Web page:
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U.S.-China anti-tax evasion deal seen as crucial, but elusive

By Patrick Temple-West and Yimou Lee

WASHINGTON/HONG KONG (Reuters) - The success of a broad U.S. crackdown on offshore tax dodging will be determined in part by China's cooperation, but talks with Chinese officials are making little headway, former U.S. Treasury Department officials and tax professionals said.

FATCA requires foreign financial institutions to tell the United States about Americans' offshore financial holdings.

One obstacle in the Chinese talks is likely that China wants, in return, more tax information than U.S. officials are willing to share about Chinese citizens who have assets in the United States, accountants and tax lawyers said.

China - the world's second-largest economy - is seen by some tax experts as an important participant if the U.S. Foreign Accounts Tax Compliance Act, or FATCA, is to work effectively, especially in Asia.

Without China, FATCA won't be airtight, said John Harrington, a partner with law firm SNR Denton. He previously served as Treasury's international tax counsel.

China's State Administration of Taxation did not respond to questions. In November, a senior official at China's central bank criticized FATCA as overreaching.

FATCA requires non-U.S. banks, investment funds and other financial institutions to tell the U.S. Internal Revenue Service about accounts held by Americans with more than $50,000. Financial firms that do not comply with FATCA, which takes effect in January 2014, could effectively be frozen out of U.S. markets.

Treasury has negotiated FATCA deals, known as intergovernmental agreements (IGAs), with five countries: the UK, Denmark, Mexico, Ireland and, most recently, Switzerland. Negotiations with dozens more countries are under way.

Talks with China have been hush-hush, but are occurring. "We have engaged with China on FATCA and will continue to do so," a Treasury spokeswoman said, declining to comment further.

HONG KONG'S ROLE

China is seen as a critical part of the FATCA puzzle not only due to the country's own global economic prominence, but also because of its sway over Hong Kong, a major money center.

The Hong Kong Association of Banks said in a statement: "FATCA is an issue highly relevant to Hong Kong ... We have been and will closely follow relevant developments, in discussion with the Hong Kong Government."

The Financial Services and the Treasury Bureau of Hong Kong did not respond to questions.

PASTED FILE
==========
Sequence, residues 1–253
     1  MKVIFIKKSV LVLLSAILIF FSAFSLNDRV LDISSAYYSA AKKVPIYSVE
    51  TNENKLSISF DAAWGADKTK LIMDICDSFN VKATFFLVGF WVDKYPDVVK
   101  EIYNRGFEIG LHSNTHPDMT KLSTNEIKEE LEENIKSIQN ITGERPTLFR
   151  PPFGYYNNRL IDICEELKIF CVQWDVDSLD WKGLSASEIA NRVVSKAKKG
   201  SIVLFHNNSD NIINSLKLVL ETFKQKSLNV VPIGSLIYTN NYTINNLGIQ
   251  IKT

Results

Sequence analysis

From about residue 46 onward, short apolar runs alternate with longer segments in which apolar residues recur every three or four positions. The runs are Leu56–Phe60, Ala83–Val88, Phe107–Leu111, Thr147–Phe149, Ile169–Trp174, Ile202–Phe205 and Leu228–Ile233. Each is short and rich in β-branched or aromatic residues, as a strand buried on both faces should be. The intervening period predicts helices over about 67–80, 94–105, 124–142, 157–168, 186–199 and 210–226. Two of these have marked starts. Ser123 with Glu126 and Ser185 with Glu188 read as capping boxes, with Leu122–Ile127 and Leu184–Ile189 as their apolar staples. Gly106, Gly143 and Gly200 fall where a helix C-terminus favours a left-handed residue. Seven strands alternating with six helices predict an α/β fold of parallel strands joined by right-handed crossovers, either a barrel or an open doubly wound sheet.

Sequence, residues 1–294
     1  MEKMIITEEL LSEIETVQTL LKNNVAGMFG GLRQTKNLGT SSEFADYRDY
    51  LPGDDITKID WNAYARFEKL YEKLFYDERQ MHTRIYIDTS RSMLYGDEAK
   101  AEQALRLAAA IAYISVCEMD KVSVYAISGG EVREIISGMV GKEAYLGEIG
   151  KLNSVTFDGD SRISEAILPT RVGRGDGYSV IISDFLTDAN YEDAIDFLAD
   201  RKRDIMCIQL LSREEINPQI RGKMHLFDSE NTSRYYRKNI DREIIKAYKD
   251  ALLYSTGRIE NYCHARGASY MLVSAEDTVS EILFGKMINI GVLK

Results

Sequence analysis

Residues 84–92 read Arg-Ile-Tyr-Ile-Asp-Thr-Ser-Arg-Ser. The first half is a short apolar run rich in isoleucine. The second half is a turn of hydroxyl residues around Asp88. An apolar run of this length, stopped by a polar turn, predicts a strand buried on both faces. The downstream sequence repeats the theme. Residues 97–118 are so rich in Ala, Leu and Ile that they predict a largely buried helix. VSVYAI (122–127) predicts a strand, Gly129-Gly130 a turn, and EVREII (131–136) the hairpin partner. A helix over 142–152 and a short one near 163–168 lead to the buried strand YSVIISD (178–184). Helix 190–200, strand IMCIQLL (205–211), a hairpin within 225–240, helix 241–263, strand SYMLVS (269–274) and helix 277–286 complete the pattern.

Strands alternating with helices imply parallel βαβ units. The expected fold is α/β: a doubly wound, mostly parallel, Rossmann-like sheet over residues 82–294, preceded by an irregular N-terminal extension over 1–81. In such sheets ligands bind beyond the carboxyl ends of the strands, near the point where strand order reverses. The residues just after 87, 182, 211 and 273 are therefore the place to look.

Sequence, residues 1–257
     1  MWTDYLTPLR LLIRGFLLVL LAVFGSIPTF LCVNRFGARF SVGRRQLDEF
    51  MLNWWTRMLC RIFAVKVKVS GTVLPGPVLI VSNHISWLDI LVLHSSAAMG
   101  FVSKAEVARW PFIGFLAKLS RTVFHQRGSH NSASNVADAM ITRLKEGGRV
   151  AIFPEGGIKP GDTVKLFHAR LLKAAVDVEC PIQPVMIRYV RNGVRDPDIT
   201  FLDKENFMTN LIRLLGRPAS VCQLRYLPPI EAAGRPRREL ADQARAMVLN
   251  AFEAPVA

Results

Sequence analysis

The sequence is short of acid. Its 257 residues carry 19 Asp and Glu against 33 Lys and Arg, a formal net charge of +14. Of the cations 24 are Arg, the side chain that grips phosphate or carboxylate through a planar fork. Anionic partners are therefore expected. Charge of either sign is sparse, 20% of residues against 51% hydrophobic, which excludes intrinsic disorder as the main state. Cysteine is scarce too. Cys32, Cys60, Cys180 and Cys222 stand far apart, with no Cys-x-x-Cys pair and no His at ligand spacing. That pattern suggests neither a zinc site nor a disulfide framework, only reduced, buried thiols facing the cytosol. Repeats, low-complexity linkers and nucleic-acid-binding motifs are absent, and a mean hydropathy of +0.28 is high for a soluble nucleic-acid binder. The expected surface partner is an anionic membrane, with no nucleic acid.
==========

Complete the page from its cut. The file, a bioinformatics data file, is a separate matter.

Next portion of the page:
It was unclear whether Hong Kong may be able to negotiate an IGA on its own with the United States. Hong Kong became part of China in 1997, but retained its own currency and local government.

"The Chinese could attempt to use Hong Kong as negotiating leverage for their own IGA," said Richard Harvey, a tax professor at Villanova University.

Treasury started implementing FATCA last year, largely via the vehicle of IGAs, bilateral agreements that spell out how a country and its financial institutions can comply with FATCA, and what, if anything, they get in return from the Americans.

RECIPROCITY SOUGHT

Foreign countries have pushed, with limited success, for reciprocal information sharing, but generally IGAs have not allowed an equal two-way sharing of taxpayer information.

With IGA negotiations in mind, the Obama administration is considering asking Congress for the power to require more disclosure by U.S. banks of information about foreign clients' accounts to those clients' home governments.

The IRS this year started giving some foreign governments information about interest payments earned by their citizens in U.S. bank accounts. This has already raised privacy concerns.

The Chinese are thought to be seeking more information about their citizens' U.S. accounts than previous IGAs have allowed.

Treasury negotiators "will have to look at whether they can go further than they have" to meet Chinese demands, said Philip West, who served as Treasury's international tax counsel and is now a partner at law firm Steptoe & Johnson LLP.

Like the United States, China taxes citizens on worldwide income. So China should be interested in getting tax information about its citizens' U.S. investments, tax experts said.

But inking an IGA will require the Chinese to swallow some national pride, said Alan Granwell, a former Treasury tax official now with law firm DLA Piper. FATCA "effects their sovereignty ... It's much more than just a tax issue there."

(Editing by Kevin Drawbaugh and Leslie Gevirtz)

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